As you would expect from a straightforward proposition like window cleaning, a business in this area does not carry sky high start-up costs. But even if you aim to set up your business with as little investment as possible, there is more to consider than sponges and buckets. “There are certain items that will need to be paid for upfront, such as insurance and training,” advises Damian Whittaker of the British Window Cleaning Academy. “And you will also need to pay equipment and vehicle lease deposits.”
Starting out, you’ll still need to consider the cost of following:
- A vehicle
- Public Liability Insurance
- Logo design/marketing
It’s a good idea to decide how big you want your company to be, too. You can start off very small (just yourself), but no matter how small you are to begin with you should build your brand on what you expect to achieve. Because as workable as a micro business is, a bucket and ladder will not get you very far: it is worth considering your strategy and long-term goals before launching into things. “You can grow from small beginnings, but you will hamstring yourself,” Christopher Turner of The London Window Cleaner explains, ”because you’ll be limited to one kind of client. Somebody who starts out by investing a couple of hundred quid in a ladder and a bucket and a squeegee won’t really have the potential to grow.”
So although you can buy equipment for as little as £100, you should allow for an initial investment of a few thousand pounds in your venture. Even if you plan to start off on the lowest rung, some backing will allow you to invest in training and marketing, and to grow. When Christopher started out, for example, he says he had ‘reasonable’ backing in terms of cash. So straight off, he was able to purchase a number of vehicles and to invest in a website and logos for his vans. This route comes recommended as it sets your business up on a firm footing. “Again, it depends on the kind of company you want,” he says. “If you want a turnover of a million quid in three or four years, you’re going to have to pitch yourself that way.”
Visibility is important for a window cleaning company. Consider how you will achieve this: through marketing, through painting your vans, or perhaps by creating an impressive website and online presence? Christopher took the name The London Window Cleaner some six months after starting up the company, and then worked very hard to ensure that the website was top of Google rankings, for instance. “So now, if you Google London Window Cleaner, you’re sure to come across our site,” he says. “We do no advertising, and have no advertising budget. We just operate from our website. So our company name and our profile on the internet is absolutely crucial.”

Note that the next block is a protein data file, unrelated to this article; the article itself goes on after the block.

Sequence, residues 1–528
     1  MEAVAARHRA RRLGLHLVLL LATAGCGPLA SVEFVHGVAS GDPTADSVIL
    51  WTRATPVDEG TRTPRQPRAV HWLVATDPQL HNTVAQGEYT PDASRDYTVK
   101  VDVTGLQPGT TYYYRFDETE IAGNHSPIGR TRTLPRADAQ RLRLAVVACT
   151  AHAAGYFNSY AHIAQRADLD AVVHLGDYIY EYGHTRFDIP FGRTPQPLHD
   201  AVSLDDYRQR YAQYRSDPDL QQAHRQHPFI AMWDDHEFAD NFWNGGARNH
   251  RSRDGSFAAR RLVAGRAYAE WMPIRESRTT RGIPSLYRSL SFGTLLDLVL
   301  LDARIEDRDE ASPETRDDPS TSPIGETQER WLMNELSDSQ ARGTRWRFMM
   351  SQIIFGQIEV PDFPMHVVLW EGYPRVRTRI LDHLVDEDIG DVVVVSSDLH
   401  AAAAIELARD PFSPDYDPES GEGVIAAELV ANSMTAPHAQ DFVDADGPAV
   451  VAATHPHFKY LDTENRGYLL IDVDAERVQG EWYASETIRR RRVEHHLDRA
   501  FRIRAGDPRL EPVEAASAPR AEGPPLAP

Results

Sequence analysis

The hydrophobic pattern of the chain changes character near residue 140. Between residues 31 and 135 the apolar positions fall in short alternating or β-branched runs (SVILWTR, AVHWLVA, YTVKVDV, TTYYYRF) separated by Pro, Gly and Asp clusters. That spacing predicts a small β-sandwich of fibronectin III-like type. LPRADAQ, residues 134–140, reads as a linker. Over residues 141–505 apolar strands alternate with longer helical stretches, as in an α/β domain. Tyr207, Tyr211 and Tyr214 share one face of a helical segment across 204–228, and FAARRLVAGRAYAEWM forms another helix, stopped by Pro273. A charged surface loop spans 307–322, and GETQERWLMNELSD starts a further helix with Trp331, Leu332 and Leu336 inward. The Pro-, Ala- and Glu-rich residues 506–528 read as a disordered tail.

At the start, you will have to go out, and work hard to get your name out there. It can take time. For The London Window Cleaner, it took probably two years to get that investment back. “Nowadays,” Christopher says, “companies call us and we to come in and give a quote. But we do very little active marketing because of the position we worked to establish in the market.”
In the early stages, especially if your focus is residential, some footwork will not go amiss either. Damien Whittaker of the BWCA believes flyer posting is a good way to spread the word. And there are advantages to canvassing in person too: “By knocking on the doors of householders, you have an opportunity to promote and offer your service face-to-face and then to immediately answer any questions that may come up,” he explains. “There’s no doubt that it is one of the most effective ways to build a residential window cleaning round quickly.” Be aware, this can be done any time after 9am but you should avoid doorstepping later than 7pm at night.
The BWCA also has it’s own accreditation programme called ClearChoice. Damien says ClearChoice members can use their membership card and online profile to help them win new business.